As a young pastor I found it necessary to keep one eye on the older generation. Many of my struggles in ministry found root in the seniors.
For example, I had been in my pastoral career for three weeks when the sky caved in on me. I had mentioned to a parishioner my idea of starting another adult Sunday School class. The word got back to the teacher of the only adult class in the church. This aging “saint” had the distinction of being the biggest giver, the janitor, the one who unlocked and locked up the church, and strongest leader in the church. In my first board meeting in this little church he became mad, stomped out, and left the church.
As the years rolled by I discovered many of my problems came from the older population. (And I should add, some of my strongest supporters were also in this age group.) But guess what happened? I got old. Now, I am an aging Boomer in the church. And I want to challenge every Baby Boomer to be an asset to the local church instead of a liability.
Here’s 5 ways to HELP your church instead of HURT it.
1. Realize it is not your church.
Oh I get it. I’ve been told on several occasions by older people, “This is my church not your church. I’ve been here 40 years.” That’s great but it’s still not your church. As a long time member you may feel a sense of ownership but the church will always belong to God, not you. You don’t really think it’s your church. What you really mean is “I control the church.” Wrong again. God is in control. Decide now to recognize it is God’s church. Surrender to His authority and to the pastor He placed in your church.
2. Be active in at least one ministry in the church.
Many Boomers have worked for decades in the church. Maybe you’ve taught Sunday School, changed diapers in the nursery, drove the church bus, ushered, and mowed the grass. Now, as you’ve gotten older, you made the decision to sit back and let the young people do it all. Bad decision. When you sit back and have no ministry you become an observer, not a participant. And what do observers do? Observe. And when you sit back and observe you become a critic. You see all the ways things could improve and then you share your ideas with others. Nope. Don’t do it. Be involved in at least one ministry until the day you die.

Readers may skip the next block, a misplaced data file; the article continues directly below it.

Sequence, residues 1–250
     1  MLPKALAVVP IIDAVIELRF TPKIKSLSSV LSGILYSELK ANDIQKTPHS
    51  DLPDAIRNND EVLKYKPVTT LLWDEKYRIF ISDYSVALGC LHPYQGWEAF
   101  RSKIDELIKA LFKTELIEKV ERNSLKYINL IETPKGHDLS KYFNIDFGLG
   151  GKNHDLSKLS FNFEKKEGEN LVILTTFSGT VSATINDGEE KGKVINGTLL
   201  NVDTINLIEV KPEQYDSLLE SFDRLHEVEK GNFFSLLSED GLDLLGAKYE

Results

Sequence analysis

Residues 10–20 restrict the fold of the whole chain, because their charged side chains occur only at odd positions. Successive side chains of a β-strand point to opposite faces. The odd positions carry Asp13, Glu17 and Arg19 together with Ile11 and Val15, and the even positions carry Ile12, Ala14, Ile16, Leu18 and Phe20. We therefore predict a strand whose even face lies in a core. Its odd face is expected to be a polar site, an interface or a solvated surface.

3. Become the biggest supporter of your pastor.
I know. The pastor is younger than you and can’t possible know as much about the church. But make the decision you are going to have his or her back. Unless you have ever been a a pastor you can never know how difficult it is. In many ways I think it is one of the toughest jobs in the world. And one of the things which make it so tough is the wagging critical tongues. Let me encourage you to watch for opportunities to be a cheerleader for your pastor. Listen to the chatter of your church friends and when they start to criticize the pastor jump in and make a positive statement.
4. Pray more, talk less.
Saying, “I’ll pray for you” has become the equivalent in the church of the “like” button on Facebook. Many times saying we will pray means “I’m glad you told me.” But as older saints we need to get back to taking prayer seriously. Think of what you could do for you church and pastor if you talked less and prayed more. I tell people who complain about their pastor they should pray 5 minutes for every minute they complain. As Boomers we are starting to have more free time. Let’s use this free time to pray more instead of complain more.
5. Set the example to the younger generation in the area of church loyalty.
I’ve seen too church hoppers in my decades of ministry. And I discovered when someone leaves the church any excuse will do. The excuses given are rarely the real reasons for leaving. Why? Because those who leave a church most often leave over petty things. Telling people as you exit “I’m not being fed spiritually” sounds way more godly than “I’m leaving because the pastor stopped wearing a tie.” Make the decision to stick it out. Show the younger generation what it means to commit your life not only to God but to a particular church.
Now, more than ever, the Church needs the older saints to rise up and help the Church not hurt it.
Find a way to be an asset. Here’s a few ideas to get you started:
- Take your pastor out for coffee and blow him away by spending an hour giving compliments without any criticism.
- Listen for the moment when people start to criticize the church and jump in with a positive spin on the subject.
- Walk up to the pastor or a leader in the church and volunteer to become involved in a ministry.
- When someone pulls you aside to tell you they are leaving be prepared to tell them why you are staying.
- NOW, is the time for the Baby Boomer army to rise up in the church and do everything we can to help it.